Contact centers can be boring, brutal places to spend a day; make yours a fun environment that makes your reps want to come to work. If your personality is more laid back and you like to watch things unfold, your floor will be a very different scene than one where the manager is a cheerleader for the team. Your team will take on the personality of their coach. As a manager, you might need to step out of your comfort zone to do what is best for your team. You need to play games daily. It may feel uncomfortable at first, but as the days go on you will see the positive results. Positive reps lead to much happier customers which leads to happy clients!
Is there music and an upbeat vibe on your call center floor?
We believe there should be music on the floor when reps come in for their shift. Every single day there has to be something going on that is a little bit of fun to distract from the negatives they may face later. Light music in the background and games being played all day long help to make the call center fun. It simply cannot be miserable for your reps to be there, or they will go somewhere else.
Do you take pride in your equipment like chairs, headsets, etc.?
When you take the time to connect with your reps regarding their equipment, it shows them that you care about them. They can see that you are trying to make their jobs a little bit easier or more comfortable simply by asking for their input. When it’s time to replace headsets and you’ve found a few pairs that you like, let several people try them and use their feedback to pick the new ones. If you can’t decide between three different chairs for your floor, ask the people who sit in them all day which they prefer and why. They will see that you care, not just about the job, but about the people who do the job.
Do you correct reps on the floor or off?
At Expivia, we do not coach on the floor. Just like coaching a basketball game, you praise the players on the court. But, you wait until you get to the locker room to point out what they could have done differently to get a better outcome. Your team will appreciate that you care enough to give that corrective feedback off the floor away from the crowd. They will also have the chance to really focus on what you are saying to them because they are not being chastised in front of everyone they know.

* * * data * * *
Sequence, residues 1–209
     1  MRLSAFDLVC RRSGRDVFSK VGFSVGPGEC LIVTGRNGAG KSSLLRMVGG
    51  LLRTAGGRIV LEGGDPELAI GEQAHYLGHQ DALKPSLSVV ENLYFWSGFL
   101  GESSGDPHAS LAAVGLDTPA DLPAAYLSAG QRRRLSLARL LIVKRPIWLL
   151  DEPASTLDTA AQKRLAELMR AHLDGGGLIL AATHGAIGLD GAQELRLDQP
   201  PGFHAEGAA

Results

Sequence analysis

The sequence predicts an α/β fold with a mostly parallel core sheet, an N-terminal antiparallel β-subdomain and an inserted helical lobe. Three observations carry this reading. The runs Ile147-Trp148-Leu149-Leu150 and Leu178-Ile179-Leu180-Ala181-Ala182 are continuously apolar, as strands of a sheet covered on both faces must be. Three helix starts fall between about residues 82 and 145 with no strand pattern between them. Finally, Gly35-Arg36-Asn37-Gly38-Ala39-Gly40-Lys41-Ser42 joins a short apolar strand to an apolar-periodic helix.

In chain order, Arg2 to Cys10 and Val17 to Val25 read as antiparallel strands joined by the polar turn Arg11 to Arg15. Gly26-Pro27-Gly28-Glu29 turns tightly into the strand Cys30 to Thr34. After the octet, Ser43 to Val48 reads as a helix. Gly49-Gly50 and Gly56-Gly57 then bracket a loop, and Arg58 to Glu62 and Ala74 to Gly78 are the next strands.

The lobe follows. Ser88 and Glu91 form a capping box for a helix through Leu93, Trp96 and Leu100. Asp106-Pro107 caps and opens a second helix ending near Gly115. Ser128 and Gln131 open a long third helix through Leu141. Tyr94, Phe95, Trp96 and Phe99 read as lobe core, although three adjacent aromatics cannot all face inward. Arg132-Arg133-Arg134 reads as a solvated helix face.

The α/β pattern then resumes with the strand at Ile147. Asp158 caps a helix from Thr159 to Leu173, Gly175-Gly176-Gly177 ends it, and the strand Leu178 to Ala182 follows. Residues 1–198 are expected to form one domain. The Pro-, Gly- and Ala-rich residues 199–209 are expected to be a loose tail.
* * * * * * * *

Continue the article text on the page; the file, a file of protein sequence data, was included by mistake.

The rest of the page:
Are you investing in new technology?
If you are a high-end customer support center, you are going to have to look into upgrading to some of the things coming down the road. It will be really important to the culture of your organization for several reasons. If you live in an area with several contact centers, your reps talk to people who work at the other places. They all compare notes. If one of the other centers has better technology and better work culture, you are going to lose staff to that center. The culture of your organization, the technology being used, and the overall feel of your center is really important. It will help with turnover and with the overall customer experience.
Do your supervisors all manage differently?
Every manager handles things just a bit differently due to their different personalities. There should be policies that explain how it will be handled when something good happens or when an issue arises for the team. There must be continuity from the management training program that you have. You need a training program no matter the size of your call center; it doesn’t matter if you have two supervisors or fifty-two. Consistency in your management teams comes from training.
Are you investing in rep education or is your center “too busy”?
Almost every call center has WFM that says your occupancy is too high and you are too busy for rep education. You need to make time. It is really important that you schedule at least half an hour for education weekly. Remember, your reps don’t talk to each other a lot. As the workforce gets younger, fewer employees use their phones for talking to people. You have to actually teach people how to talk on the phone now. Your weekly education time should focus on soft skills–people skills. Centers that put the time in will reap the benefits in customer satisfaction scores.
Do you calibrate quality and KPIs with supervisor evaluations?
Hitting KPIs should be a goal for your reps. It only makes sense that supervisors should be evaluated on that as well. In order for a supervisor to be considered successful in working with their teams, their teams need to be hitting KPI’s that are program goals consistently.
Are you taking the time to onboard new associates properly?
You are doing your organization zero favors by rushing people through a shoddy and onboarding period. They need to be given the time and attention necessary to learn the job, your culture, and engagement skills. You will continue to have a high turnover rate if you are not onboarding properly. Do it right the first time.
Do you love your job?
If you have (or are) a miserable manager, you are never going to have a high-end call center. People who don’t love their job are not as successful as those who do. Someone running a call center has the ability to change things. Tell upper management what you need to help everyone succeed. As a manager, you set the tone for your team. Your team ultimately wants you to succeed, because that means they have succeeded. Everyone loves success. Make it happen.
Every center will answer these questions differently. There is no one right answer; there is only the right answer for your call center. Communicate with all your stakeholders and start finding the answers to these questions for your organization. When you find areas that are lacking, you can use these ideas to strengthen your call center.